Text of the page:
Cut off a piece of a zebrafish heart, and the little creature won’t be at the top of its game for a few days.
But after a month, the heart will grow back to normal and life goes on as normal.
Given that a heart attack in humans – known as a myocardial infarction – is akin to losing a piece of your heart (because tissue dies), scientists for years have been trying to understand how zebrafish heal themselves, with a view to replicating the process in people.
Now, scientists at the Victor Chang Cardiac Research Institute have identified the “genetic switch” in zebrafish that prompts heart cells to divide and multiply after a heart attack, “resulting in the complete regeneration and healing of damaged heart muscle in these fish”.
The gene switches off when the heart is fully healed
Dr Kazu Kikuchi, who led the research, published in Science on Friday, said he was “astonished” by the findings.
“Our research has identified a secret switch that allows heart muscle cells to divide and multiply after the heart is injured,” Dr Kikuchi said in a statement.
“It kicks in when needed and turns off when the heart is fully healed. In humans where damaged and scarred heart muscle cannot replace itself, this could be a game changer.”
So how might it work?
The researchers investigated a critical gene known as Klf1, which previously had only been identified in red blood cells.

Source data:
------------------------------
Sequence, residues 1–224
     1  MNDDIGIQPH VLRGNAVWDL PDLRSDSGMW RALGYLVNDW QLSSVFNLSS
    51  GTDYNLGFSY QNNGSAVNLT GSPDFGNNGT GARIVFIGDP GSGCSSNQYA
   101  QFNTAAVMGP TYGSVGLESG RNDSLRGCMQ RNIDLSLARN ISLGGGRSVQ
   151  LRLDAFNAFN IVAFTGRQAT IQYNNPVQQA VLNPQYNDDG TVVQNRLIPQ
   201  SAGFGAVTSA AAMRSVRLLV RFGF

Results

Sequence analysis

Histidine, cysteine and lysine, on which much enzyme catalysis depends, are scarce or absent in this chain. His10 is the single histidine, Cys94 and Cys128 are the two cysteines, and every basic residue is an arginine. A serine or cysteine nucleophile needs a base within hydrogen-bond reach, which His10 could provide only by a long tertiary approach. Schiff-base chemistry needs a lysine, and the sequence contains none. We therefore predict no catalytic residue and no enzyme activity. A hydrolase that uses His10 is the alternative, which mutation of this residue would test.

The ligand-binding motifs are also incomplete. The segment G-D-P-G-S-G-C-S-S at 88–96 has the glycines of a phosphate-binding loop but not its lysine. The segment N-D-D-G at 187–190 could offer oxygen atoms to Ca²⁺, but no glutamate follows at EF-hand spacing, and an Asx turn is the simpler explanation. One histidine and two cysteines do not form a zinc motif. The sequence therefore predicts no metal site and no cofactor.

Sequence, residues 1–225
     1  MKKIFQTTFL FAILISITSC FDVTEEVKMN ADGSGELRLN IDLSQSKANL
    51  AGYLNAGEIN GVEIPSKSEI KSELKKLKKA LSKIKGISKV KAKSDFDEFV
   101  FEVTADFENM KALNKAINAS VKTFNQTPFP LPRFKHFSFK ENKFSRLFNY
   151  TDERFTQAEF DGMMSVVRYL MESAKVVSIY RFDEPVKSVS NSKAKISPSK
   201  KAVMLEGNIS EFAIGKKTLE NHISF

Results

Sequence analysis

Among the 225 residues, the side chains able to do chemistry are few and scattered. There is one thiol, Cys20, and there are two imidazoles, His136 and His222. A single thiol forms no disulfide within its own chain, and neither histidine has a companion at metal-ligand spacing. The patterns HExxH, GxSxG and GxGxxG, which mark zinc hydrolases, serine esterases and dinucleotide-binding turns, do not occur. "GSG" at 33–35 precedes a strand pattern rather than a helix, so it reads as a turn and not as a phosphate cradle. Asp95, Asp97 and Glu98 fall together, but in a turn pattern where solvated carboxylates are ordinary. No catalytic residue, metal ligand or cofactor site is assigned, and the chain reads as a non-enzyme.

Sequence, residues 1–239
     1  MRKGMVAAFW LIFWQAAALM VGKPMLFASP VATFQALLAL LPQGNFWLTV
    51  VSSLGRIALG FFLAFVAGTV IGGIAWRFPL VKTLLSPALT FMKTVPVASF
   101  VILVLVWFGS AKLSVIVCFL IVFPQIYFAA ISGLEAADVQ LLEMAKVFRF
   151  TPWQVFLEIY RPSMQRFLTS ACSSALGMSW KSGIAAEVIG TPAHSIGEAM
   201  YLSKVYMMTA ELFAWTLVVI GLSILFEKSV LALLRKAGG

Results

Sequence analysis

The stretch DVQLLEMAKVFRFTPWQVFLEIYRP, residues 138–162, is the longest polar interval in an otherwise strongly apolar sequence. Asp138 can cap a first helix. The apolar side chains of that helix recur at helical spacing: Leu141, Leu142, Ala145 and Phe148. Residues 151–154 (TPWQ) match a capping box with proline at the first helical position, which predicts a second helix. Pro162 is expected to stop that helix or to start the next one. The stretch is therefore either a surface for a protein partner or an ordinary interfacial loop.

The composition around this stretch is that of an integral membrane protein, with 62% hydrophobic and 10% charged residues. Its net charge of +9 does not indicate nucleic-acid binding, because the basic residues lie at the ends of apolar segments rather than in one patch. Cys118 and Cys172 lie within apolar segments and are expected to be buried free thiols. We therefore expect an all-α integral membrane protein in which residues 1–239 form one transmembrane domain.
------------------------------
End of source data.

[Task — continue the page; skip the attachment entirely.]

They discovered Klf1 plays a vital role in healing damaged hearts.
The gene works by making uninjured heart muscle cells – called cardiomyocytes – more immature and changing their metabolic wiring, a process called dedifferentiation.
This allows them to divide and make new cells
So … what are cardiomyocytes?
Cardiomyocytes are the heart cells primarily involved in the contractile function of the heart that enables the pumping of blood around the body.
Ordinarily, adult mammalian hearts have a limited ability to generate new cardiomyocytes – whereas zebrafish will keep making new cells until their hearts are completely healed.
It’s been known for more than a decade that cardiomyocytes become more youthful in order to regenerate – and Dr Kikuchi was one of the researchers to demonstrate this.
What wasn’t known was how this was made to happen.
“Our new paper suggests it is Klf1 which triggers this,” Dr Kikuchi said.
This isn’t the same as stem cell technology
This isn’t the same as stem cell technology. In fact, dedifferentiating cardiomyocytes has proved to be a more effective healing process than stem cells.
It all comes down to that genetic switch.
Dr Kikuchi said that when the gene was removed, “the zebrafish heart lost its ability to repair itself after an injury such as a heart attack, which pinpointed it as a crucial self-healing tool”.
‘An incredible discovery’
Professor Bob Graham, head of the Institute’s Molecular Cardiology and Biophysics Division, says “this world-first discovery” – made in collaboration with the Garvan Institute of Medical Research – may well transform the treatment of heart attack patients and other heart diseases.
“The team has been able to find this vitally important protein that swings into action after an event like a heart attack and supercharges the cells to heal damaged heart muscle. It’s an incredible discovery,” Professor Graham said.
“The gene may also act as a switch in human hearts. We are now hoping further research into its function may provide us with a clue to turn on regeneration in human hearts, to improve their ability to pump blood around the body.”
Importantly, the team also found the Klf1 gene “played no role in the early development of the heart and that its regenerative properties were only switched on after a heart injury”.